evocation


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e·vo·ca·tion

(ev'ō-kā'shŭn, ē-vō-kā'shŭn),
Induction of a particular tissue produced by the action of an evocator during embryogenesis.
[L. evoco, pp. evocatus, to call forth, evoke]

evocation

/evo·ca·tion/ (ev″ah-ka´shun) the calling forth of morphogenetic potentialities through contact with organizer material.

evocation

[ev′ōkā′shən]
Etymology: L, evocare, to call forth
a specific morphogenetic change within a developing embryo that results from the action of a single hormone or other chemical. See also induction.

e·vo·ca·tion

(ev'ō-kā'shŭn)
Induction of a particular tissue produced by the action of an evocator during embryogenesis.
[L. evoco, pp. evocatus, to call forth, evoke]

evocation

the induction of embryonic tissue by a chemical stimulus, for example, ECTODERM produces neutral material in the vertebrate embryo due to an evocator (see ORGANIZER REGION from the underlying CHORDAMESODERM.
References in periodicals archive ?
The evocation of the poet's childhood by the Ethiope River in Sapele is compelling.
The result is a richly-layered evocation of the employment relation (the "hire," as it is termed) that is both comprehensive and insightful.
This piece is an extraordinary evocation of a man and his spirit.
But even when ``Big Day'' threatens to stumble into coarse slapstick, the deftly funny cast strives to ensure that this is the best comic evocation of a worst-cast scenario.
The most successful aspect of the show was its evocation of the power this kind of work exudes in the context of the artists' own homes and yards, a quality that is often lost in sleeker, formalist presentations.
The evocation of this period in American youth culture is sound: Arlene and Sheila hook up with kids as apparently simple and carefree as themselves.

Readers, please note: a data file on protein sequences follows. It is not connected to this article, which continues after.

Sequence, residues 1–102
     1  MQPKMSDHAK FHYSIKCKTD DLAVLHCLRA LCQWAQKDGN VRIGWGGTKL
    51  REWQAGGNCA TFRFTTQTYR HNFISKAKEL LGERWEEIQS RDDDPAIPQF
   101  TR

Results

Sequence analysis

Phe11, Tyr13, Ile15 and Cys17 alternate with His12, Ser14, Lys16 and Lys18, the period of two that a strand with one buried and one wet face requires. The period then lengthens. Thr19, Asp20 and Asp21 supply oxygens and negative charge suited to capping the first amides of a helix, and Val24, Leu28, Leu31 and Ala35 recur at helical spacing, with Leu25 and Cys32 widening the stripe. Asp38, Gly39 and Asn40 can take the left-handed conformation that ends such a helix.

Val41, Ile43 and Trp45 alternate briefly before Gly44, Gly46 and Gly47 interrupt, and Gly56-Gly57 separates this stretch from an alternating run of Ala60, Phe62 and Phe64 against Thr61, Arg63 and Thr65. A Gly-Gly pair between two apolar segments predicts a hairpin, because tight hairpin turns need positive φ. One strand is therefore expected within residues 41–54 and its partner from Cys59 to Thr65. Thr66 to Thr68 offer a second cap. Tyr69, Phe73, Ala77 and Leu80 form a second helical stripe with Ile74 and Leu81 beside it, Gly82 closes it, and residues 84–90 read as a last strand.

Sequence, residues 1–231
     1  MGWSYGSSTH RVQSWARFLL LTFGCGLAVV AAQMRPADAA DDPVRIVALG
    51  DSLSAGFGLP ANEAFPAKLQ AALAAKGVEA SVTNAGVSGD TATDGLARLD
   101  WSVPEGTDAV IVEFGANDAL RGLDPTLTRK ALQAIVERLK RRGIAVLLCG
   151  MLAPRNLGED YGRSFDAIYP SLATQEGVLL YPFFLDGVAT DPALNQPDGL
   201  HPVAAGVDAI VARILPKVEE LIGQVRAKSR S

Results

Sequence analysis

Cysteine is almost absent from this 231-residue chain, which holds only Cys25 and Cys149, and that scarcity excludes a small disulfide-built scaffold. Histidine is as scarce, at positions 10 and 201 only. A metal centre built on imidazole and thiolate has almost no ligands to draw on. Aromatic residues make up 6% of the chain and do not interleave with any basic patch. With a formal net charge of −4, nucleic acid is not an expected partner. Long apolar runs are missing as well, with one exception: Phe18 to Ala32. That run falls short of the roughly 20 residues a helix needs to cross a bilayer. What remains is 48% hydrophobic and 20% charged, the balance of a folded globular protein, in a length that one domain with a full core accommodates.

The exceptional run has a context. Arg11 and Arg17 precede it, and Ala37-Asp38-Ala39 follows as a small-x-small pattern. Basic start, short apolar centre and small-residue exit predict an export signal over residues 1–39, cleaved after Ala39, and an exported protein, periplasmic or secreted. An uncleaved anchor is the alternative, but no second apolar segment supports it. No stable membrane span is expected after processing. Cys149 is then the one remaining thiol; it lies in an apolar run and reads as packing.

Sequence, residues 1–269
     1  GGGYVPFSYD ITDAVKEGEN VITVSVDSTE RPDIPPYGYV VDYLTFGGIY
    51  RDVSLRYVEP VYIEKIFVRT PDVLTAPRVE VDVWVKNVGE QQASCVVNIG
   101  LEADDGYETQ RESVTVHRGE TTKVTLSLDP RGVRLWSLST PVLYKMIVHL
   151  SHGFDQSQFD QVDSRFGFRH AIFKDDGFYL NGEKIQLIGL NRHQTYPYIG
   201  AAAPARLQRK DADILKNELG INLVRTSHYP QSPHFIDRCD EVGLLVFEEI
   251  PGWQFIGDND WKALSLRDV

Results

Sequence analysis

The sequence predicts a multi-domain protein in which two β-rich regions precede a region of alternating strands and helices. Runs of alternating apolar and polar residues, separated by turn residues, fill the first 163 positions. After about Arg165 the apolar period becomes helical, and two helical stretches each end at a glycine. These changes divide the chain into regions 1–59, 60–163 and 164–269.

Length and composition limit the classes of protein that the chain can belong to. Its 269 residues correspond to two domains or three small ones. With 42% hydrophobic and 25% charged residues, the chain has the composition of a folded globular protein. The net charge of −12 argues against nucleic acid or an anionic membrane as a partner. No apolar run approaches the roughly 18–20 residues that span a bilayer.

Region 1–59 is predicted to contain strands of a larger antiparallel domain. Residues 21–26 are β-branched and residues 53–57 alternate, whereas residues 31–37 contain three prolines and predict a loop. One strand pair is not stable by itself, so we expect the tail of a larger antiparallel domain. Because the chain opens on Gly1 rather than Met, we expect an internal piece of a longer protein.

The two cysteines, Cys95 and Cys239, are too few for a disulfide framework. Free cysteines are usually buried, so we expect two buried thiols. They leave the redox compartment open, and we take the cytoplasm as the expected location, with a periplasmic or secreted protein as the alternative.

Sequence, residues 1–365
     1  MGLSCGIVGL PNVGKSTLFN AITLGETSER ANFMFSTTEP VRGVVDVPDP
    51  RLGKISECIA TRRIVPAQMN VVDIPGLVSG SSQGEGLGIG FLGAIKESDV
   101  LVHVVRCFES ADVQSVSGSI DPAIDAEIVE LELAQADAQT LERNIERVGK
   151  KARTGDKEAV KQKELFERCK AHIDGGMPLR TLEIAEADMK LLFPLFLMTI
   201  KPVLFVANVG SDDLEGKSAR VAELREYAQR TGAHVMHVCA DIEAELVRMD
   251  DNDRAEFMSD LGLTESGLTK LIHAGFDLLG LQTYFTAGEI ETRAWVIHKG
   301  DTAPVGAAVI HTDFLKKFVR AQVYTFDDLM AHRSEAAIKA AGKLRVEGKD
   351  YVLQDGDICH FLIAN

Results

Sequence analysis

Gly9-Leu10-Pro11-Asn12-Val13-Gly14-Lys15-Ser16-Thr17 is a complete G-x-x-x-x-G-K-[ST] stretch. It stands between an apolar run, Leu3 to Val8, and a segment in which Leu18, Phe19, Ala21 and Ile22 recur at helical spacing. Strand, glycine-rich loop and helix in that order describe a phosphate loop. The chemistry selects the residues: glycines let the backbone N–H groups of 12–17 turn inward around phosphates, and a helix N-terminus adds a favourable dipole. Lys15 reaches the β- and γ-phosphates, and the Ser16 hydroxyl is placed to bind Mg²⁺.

Even Les Sylphides, Fokine's evocation of Romantic ballet, has Duncan's perfume, albeit blended with the classical poetry of Pavlova, the muse for whom he created the ballerina role.
Lee shows that while the commentaries of eighteenth-century critics like Pope, Guthrie, and Johnson discuss external notions of "character," nineteenth-century critics, like Coleridge, often praise the evocation of Hamlet's inner self as the chief excellence of the play.
Even so, listeners will find lots to enjoy in this remarkable evocation of the life and times of a man born into a colonial system and educated at an elite public school who consciously reshaped his life and art and went on to produce the icons by which the 20th century resisted both class oppression and bureaucratic totalitarianism.
Furniture and fittings, such as the abstract evocation of an antique canopy over the bed, are similarly austere, and spaces flowing one into another are defined by strong, simple forms carefully modelled by light and shadow.
Guillem's evocation of bustling village life even includes some occasional pointless shouting from the villagers.
Peter's provides an immediate and powerful evocation of the majesty of the Roman Catholic Church and of the city where it is headquartered.